• Large technology companies are converging around advertising and commerce. Amazon, traditionally a commerce platform, is expanding its advertising services as more and more people rely on Amazon as their primary search engine. Meanwhile, Google, which built a robust online advertising business, is expanding into commerce with services such as Google Home Ordering, which makes Google Home a vessel for doing business with Walmart. Amazon is an advertising destination even for businesses that don’t have any products on Amazon. Just capturing a share of eyeballs on Amazon is motivation enough to advertise on Amazon.

  • Despite concerns about user privacy, people are willing to give up personal data if they can get a personal experience. As Meeker pointed out at the Recode conference where she delivered the report, “With personalization, data improves engagement in experiences and drives growth and scrutiny. Personal collective data provides better experiences for consumers. They’re 2.2 billion Facebooks, 200 million Pinterests, 170 million Spotifies and 125 million Netflixes . . . People putting their data into these products to make their experiences better and then there’s the collective data of many other users that effect a lot of real time products, whether it’s Waze or SnapMap or NextDoor, or Uber Pool.” What this finding tells us is that despite all the bad press that Facebook has received for the way it manages our personal data, everyday consumers are going to remain receptive to businesses asking them to share personal data because the overall value delivered exceeds the occasional negative headline.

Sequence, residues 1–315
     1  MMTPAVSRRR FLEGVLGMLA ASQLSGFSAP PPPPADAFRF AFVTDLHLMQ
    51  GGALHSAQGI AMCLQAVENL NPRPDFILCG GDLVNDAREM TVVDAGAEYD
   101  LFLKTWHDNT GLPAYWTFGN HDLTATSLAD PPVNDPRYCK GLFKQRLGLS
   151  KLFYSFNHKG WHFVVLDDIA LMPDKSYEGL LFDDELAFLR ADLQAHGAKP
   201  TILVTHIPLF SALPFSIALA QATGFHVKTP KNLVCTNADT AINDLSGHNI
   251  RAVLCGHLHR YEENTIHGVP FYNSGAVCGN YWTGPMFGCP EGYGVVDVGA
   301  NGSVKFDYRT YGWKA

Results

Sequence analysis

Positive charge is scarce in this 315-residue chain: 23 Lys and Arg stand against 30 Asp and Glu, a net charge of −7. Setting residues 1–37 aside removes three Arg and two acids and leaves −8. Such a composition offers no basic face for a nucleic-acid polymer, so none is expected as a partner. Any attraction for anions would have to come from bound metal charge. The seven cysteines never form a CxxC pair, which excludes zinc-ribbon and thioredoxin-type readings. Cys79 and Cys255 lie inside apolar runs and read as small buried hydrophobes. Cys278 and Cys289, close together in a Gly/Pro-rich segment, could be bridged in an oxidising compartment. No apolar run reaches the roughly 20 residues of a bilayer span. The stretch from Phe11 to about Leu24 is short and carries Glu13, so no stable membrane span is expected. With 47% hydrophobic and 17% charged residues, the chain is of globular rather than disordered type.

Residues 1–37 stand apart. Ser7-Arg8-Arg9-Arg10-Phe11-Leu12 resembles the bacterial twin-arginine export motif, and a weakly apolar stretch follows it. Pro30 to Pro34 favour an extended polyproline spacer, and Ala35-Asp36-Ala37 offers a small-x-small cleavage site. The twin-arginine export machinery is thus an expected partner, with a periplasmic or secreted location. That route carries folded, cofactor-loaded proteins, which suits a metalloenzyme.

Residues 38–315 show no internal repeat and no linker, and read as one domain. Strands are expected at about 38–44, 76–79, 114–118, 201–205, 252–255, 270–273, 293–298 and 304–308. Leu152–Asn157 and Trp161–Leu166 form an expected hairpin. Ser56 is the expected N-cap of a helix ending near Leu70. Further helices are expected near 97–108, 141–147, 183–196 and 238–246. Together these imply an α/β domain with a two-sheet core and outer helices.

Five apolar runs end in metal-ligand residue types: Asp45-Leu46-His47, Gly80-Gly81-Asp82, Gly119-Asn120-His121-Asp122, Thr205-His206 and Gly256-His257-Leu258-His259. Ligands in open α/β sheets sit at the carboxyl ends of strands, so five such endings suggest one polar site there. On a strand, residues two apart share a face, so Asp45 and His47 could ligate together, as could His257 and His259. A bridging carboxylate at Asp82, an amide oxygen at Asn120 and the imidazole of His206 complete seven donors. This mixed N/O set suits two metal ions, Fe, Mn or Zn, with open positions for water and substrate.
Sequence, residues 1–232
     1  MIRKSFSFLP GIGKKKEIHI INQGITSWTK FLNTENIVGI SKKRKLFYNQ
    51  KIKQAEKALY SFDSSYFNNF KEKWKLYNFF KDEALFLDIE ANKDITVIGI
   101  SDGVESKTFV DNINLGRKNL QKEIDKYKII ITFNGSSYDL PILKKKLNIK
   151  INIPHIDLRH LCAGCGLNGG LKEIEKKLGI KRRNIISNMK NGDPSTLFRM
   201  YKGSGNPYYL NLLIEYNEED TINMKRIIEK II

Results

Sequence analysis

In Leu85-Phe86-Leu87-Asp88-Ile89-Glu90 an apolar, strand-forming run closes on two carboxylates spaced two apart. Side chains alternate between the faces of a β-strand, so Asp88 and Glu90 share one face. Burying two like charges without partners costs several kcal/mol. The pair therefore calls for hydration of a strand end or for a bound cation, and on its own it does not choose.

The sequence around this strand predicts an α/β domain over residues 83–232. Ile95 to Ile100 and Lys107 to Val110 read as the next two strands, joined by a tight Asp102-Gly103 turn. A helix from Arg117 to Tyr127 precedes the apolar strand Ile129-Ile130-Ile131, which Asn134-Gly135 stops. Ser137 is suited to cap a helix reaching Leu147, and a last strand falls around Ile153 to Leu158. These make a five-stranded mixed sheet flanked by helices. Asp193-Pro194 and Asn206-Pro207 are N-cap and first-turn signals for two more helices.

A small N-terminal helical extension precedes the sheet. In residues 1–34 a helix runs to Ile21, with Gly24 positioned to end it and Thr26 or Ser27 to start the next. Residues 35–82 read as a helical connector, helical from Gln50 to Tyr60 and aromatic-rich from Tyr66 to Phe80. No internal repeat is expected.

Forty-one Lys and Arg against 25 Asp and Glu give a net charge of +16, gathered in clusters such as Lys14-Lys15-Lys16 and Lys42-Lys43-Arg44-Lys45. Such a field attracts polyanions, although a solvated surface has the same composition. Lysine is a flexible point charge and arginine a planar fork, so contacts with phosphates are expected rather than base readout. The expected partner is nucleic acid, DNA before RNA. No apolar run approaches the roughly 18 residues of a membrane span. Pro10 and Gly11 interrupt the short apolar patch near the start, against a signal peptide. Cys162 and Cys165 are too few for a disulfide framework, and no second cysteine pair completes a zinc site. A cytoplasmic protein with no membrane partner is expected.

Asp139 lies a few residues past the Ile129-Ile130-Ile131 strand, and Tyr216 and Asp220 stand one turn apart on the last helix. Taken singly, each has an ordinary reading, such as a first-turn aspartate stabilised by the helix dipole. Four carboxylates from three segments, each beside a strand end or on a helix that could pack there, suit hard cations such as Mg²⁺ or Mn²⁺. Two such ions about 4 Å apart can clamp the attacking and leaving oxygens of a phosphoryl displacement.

We believe that advertising will continue to become more mobile – and, as artificial intelligence adoption ramps up, even more personal. Meanwhile, Mary Meeker’s report offers a useful snapshot for what the near-term future holds. Contact us for more insight into how to grow your brand in the digital world.